Market Manipulation Schemes. Enforcement actions by the Securities and Exchange Commission and criminal prosecutions indicate that criminals are using two basic methods for trying to manipulate securities markets for their personal profit. First, in so-called "pump-and-dump" schemes, they typically disseminate false and fraudulent information in an effort to cause dramatic price increases in thinly traded stocks or stocks of shell companies (the "pump"), then immediately sell off their holdings of those stocks (the "dump") to realize substantial profits before the stock price falls back to its usual low level. Any other buyers of the stock who are unaware of the falsity of the information become victims of the scheme once the price falls.
For example, in one federal prosecution in Los Angeles, the defendants allegedly purchased, directly and through another man, a total of 130,000 shares in a bankrupt company, NEI Webworld, Inc., whose assets had been liquidated several months earlier. The defendants then allegedly posted bogus e-mail messages on hundreds of Internet bulletin boards, falsely stating that NEI Webworld was going to be taken over by a wireless telecommunications company. At the time of the defendants' alleged purchases of NEI Webworld stock, the stock was priced between 9 cents and 13 cents a share. Ultimately, in a single morning of trading, NEI Webworld stock rose in 45 minutes from $8 per share to a high of $15 5/16, before falling, within a half-hour, to 25 cents per share. The defendants allegedly realized profits of $362,625.
In another federal prosecution in Los Angeles, a man who worked for a California company, PairGain Technologies, created a bogus Bloomberg news Web site which falsely reported that PairGain was about to be acquired by an Israeli company, and posted fraudulent e-mail messages, containing links to the counterfeit Bloomberg news site, on financial news bulletin boards. On the day that the bogus report was posted on the Internet, PairGain stock rose approximately 30 percent before PairGain issued its own press release stating that the report was false.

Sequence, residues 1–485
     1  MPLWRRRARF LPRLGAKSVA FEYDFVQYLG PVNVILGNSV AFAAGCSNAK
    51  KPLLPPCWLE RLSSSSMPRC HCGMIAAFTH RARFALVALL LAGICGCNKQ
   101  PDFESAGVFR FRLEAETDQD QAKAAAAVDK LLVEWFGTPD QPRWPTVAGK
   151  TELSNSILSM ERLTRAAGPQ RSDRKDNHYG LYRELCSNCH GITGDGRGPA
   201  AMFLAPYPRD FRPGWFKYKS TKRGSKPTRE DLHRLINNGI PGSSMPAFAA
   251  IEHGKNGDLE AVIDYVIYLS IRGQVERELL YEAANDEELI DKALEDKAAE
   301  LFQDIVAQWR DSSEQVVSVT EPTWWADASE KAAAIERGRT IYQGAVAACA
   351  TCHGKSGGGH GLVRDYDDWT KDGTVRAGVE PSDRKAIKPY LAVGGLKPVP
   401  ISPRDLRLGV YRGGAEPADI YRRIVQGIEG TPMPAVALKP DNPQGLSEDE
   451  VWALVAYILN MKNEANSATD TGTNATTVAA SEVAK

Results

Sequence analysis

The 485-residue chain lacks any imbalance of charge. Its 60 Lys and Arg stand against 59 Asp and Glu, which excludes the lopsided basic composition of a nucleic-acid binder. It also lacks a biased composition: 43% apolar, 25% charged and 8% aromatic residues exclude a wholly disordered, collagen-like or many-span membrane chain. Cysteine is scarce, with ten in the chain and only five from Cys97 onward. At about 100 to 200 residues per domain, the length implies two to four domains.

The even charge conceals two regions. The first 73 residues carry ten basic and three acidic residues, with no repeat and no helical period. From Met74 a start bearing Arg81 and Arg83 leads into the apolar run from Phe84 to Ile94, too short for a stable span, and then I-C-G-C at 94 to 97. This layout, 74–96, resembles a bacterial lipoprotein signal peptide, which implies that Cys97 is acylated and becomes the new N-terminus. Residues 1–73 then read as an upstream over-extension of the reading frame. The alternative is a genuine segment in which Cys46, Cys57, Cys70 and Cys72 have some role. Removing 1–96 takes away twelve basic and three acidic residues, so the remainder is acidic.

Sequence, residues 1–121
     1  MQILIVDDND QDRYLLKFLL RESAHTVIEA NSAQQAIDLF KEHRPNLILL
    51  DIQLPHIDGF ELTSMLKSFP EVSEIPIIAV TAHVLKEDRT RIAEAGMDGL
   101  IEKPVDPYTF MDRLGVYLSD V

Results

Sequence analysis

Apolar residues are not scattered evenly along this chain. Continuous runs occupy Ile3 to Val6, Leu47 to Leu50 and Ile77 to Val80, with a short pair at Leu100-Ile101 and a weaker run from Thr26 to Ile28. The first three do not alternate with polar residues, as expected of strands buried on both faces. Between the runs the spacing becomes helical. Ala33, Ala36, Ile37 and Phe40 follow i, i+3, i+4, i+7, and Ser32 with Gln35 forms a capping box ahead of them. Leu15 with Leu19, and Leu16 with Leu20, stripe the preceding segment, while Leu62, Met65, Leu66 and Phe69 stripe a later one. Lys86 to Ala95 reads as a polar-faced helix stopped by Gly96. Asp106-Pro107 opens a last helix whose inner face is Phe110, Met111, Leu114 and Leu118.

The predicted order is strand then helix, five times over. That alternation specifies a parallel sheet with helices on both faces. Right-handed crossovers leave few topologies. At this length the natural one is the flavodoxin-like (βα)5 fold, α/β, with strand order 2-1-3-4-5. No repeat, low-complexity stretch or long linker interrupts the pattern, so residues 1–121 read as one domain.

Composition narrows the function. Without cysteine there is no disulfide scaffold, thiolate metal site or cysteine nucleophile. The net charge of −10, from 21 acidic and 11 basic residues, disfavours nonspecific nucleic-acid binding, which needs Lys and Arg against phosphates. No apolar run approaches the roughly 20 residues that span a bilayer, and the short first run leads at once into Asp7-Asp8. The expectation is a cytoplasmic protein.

Second, in short-selling or "scalping" schemes, the scheme takes a similar approach, by disseminating false or fraudulent information in an effort to cause price decreases in a particular company's stock.
For example, in one recent federal prosecution, a man who described himself as a "day trader" allegedly posted (more than 20 times) a bogus press release falsely stating that a major telecommunications- and Internet-related company, Lucent Technologies, Inc., would not meet its quarterly earnings estimates. The day trader allegedly traded approximately 6,000 shares of Lucent stock the same day that he posted the bogus press release. The false reports allegedly drove the stock's price down 3.6 percent and reduced Lucent's market value by more than $7 billion.